Regenerating Working Class Entertainment in Blackpool
Research on the history of working class recreation, by Professor Vanessa Toulmin at the University of Sheffield, has enhanced Blackpool’s tourism and heritage industries and helped raise £40 million to save Blackpool’s Winter Gardens and rejuvenate the town’s cultural and economic scene. The research led to an annual event worth £3 million, increased visitor numbers and contributed to the renovation of historic sites estimated to deliver £223 million to the local economy.
Following on from two AHRC-funded projects, ‘Admission All Classes’ and ‘Analysing the Mitchell and Kenyon Collection’, Professor Toulmin’s research celebrates the history of working class holiday-makers, their use of leisurely resorts and the ways in which recreational activities shaped and consolidated a shared sense of community and identity, as represented in twentieth century cinema. The relationship established with Blackpool Council during ‘Admission All Classes’ resulted in Professor Toulmin’s publication of a commemorative volume on the history of Blackpool’s Winter Gardens, now revised in its 2nd Edition, to reflect the £4 million part restoration of the building. The work was used by Blackpool Council to lobby Parliament and funding bodies, leading to £40 million being secured from the European Regional Development Fund, Homes and Communities Agency and the North West Development Agency (NWDA). This helped Blackpool Council to purchase both the Winter Gardens and Blackpool Tower, saving a crucial part of Blackpool’s architectural and cultural heritage and securing vital, and profitable, entertainment venues for the town.
Moreover, as part of the projects, Blackpool’s key historic buildings, including the Grand Theatre, the North Pier, the Winter Gardens, and the Tower Circus, played host between 2007 and 2008 to a series of high profile events and themed weekends which attracted almost 14,000 visitors. To develop this audience, in collaboration with ‘Visit Blackpool’ & NWDA, Professor Toulmin founded ‘Showzam’, an annual eleven day festival of Circus Magic and New Variety in 2008, bringing more than 150 performers from over twenty different countries to Blackpool. In 2013, the programme attracted 30,000 visitors and since 2009, the circus created an associated gross spending of over £6 million. Showzam received a wide range of media coverage: it was featured on BBC Radio 4’s Midweek and Making History, Good Morning America and in seven broadcasts on Radio Lancashire. As a result of its success, Professor Toulmin further secured £30,000 from NWDA to curate a ten-day programme on the North West’s entertainment heritage on film as well as grants of £150,000 plus from the Arts Council in 2011 and 2012.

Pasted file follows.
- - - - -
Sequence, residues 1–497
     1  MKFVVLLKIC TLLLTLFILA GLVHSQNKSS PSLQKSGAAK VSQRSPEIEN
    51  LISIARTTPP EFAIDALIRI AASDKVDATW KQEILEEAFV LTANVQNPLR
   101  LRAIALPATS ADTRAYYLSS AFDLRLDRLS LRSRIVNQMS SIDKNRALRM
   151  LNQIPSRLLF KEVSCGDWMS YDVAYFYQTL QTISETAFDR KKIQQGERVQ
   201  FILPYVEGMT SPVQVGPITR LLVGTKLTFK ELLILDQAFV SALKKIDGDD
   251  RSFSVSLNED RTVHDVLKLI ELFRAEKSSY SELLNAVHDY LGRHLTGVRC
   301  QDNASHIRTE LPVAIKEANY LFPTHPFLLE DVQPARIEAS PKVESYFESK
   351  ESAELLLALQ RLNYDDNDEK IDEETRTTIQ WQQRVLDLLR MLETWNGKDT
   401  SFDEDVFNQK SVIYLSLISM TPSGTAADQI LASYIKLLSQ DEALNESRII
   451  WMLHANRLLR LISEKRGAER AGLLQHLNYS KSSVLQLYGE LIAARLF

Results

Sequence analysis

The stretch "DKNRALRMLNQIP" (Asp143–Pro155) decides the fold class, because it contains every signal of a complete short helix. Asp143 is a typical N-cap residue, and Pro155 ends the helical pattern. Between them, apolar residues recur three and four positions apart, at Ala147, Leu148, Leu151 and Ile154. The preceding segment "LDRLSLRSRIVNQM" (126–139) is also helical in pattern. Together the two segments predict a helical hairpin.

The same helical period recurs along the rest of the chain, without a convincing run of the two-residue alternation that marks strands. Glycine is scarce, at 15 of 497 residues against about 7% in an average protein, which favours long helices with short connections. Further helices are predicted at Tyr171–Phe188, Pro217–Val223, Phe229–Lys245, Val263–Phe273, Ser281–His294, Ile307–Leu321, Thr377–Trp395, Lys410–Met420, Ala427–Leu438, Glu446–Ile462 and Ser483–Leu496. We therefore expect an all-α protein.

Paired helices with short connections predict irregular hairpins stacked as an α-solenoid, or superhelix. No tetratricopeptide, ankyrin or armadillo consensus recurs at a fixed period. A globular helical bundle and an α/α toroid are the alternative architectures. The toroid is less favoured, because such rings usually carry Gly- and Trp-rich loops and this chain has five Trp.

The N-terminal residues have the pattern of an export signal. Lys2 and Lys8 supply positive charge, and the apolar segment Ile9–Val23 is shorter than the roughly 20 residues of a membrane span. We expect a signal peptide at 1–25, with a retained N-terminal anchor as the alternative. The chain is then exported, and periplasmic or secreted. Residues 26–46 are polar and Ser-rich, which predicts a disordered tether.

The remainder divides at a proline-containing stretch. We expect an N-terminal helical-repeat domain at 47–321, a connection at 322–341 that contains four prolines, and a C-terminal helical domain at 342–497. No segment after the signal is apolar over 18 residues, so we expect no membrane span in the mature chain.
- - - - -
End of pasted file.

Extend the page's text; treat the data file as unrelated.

Further impact includes the regeneration of public space facilities in Blackpool for entertainment purposes, securing funding to acquire and house a significant entertainment archive, providing supporting evidence for a successful HLF bid £1.24 million for Museum of Blackpool and restoring Butlins Bognor Regis fairground as a result of Professor Toulmin’s consultancy.
For more information on the project visit:
Gateway to Research Project Link: 'Admission All Classes': Entertainment for the Masses 1850 – 1950, Jun 07 - Dec 08
Associated image: Alex Liivet on Flickr by CC2.0